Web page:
After graduating, I followed a path taken by many others and came to the United States for graduate school. I got married and earned my master’s degree at the University of Illinois. After my husband had got his doctorate, we went to the Massachusetts Institute of Technology where he did his postdoctoral fellowship and I did DNA research.
Our life was rather calm and pleasant for the first year in Boston, and then we discovered my husband had liver cancer. Suddenly, my life was turned upside down, and I felt I’d been thrown out of heaven and plunged into hell. When we were moving from the city to city during my childhood, I had only felt insecure. But now my days were filled with fear, distress and anxiety. The time of happiness and peace was gone.
I remember a day that began as a normal Thursday. I went to the Department of Motor Vehicles to take the written test for a driver’s license. I was learning to drive so I could be more independent. It was a long way to the DMV, and I walked. This triggered the delivery of my second baby sooner than I expected. And it opened the curtain on the most challenging chapter in my life’s journey … as you can see from the poem below, which I wrote previously.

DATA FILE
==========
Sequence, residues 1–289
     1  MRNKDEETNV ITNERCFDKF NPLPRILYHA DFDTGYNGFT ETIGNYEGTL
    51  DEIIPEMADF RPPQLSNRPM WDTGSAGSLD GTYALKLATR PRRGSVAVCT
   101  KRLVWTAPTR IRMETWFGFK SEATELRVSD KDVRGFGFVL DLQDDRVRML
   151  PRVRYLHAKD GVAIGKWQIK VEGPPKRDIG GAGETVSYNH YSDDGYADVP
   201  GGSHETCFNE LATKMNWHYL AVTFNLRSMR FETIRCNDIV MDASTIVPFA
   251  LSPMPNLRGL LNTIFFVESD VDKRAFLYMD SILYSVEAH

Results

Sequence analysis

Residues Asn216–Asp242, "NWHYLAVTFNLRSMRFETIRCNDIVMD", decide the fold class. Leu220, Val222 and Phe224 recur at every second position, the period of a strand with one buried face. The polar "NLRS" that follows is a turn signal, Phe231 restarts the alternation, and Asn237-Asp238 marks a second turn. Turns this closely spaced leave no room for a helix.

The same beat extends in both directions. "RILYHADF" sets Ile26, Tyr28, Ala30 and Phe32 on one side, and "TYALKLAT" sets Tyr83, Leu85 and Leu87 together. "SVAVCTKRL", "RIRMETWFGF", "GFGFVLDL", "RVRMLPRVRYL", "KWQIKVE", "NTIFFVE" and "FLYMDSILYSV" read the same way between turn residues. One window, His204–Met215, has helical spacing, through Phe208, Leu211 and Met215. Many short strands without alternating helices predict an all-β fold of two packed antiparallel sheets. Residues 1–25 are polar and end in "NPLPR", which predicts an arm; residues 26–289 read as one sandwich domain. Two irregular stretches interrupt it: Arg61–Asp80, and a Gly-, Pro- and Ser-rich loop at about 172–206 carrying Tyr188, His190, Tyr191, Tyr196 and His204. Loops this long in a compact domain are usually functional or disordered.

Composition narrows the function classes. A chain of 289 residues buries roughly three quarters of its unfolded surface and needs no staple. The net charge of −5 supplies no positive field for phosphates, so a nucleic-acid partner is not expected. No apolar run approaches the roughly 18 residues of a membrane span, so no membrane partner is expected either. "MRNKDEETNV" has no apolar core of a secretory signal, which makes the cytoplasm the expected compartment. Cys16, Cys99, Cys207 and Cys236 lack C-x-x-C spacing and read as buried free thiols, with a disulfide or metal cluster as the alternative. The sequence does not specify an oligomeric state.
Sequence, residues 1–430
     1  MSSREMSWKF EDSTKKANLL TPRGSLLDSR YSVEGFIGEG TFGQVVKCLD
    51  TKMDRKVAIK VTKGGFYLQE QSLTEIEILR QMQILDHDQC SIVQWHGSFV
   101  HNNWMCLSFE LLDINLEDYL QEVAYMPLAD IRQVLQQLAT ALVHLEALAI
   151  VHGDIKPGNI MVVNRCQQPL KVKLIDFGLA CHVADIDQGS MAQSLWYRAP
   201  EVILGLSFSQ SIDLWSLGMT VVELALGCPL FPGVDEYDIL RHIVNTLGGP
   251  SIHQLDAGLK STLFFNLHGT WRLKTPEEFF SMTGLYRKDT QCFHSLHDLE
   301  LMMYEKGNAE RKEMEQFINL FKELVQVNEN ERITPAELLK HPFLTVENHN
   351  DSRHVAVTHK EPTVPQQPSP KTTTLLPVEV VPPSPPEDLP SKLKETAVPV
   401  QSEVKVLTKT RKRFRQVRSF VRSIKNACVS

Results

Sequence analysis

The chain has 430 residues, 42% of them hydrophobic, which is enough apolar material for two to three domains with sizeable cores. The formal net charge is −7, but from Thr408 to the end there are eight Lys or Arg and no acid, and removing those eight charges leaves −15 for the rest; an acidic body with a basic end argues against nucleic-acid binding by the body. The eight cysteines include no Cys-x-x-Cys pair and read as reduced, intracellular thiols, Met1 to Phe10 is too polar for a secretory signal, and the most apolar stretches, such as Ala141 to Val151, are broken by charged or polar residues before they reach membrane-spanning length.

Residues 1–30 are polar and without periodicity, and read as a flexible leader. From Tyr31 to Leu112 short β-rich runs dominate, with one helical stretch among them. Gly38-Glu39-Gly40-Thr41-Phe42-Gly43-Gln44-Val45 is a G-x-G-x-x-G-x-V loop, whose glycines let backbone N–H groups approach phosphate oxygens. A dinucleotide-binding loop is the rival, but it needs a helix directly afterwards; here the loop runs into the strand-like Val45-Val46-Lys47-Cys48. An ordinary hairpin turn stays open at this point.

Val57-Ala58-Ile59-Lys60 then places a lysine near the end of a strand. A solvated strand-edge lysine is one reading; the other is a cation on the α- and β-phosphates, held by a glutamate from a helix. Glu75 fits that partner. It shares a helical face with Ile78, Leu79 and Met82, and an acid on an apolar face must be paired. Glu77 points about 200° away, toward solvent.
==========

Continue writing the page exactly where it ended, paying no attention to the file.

All this happened a long time ago.
Yet it seems as though it just took place.
It was early on a Friday morning at the beginning of autumn.
The pain was so fierce and unbearable.
I kept telling myself, “This can’t happen now.
Endure. Hang on … You must! Because Bob and Elaine are going away for the weekend.”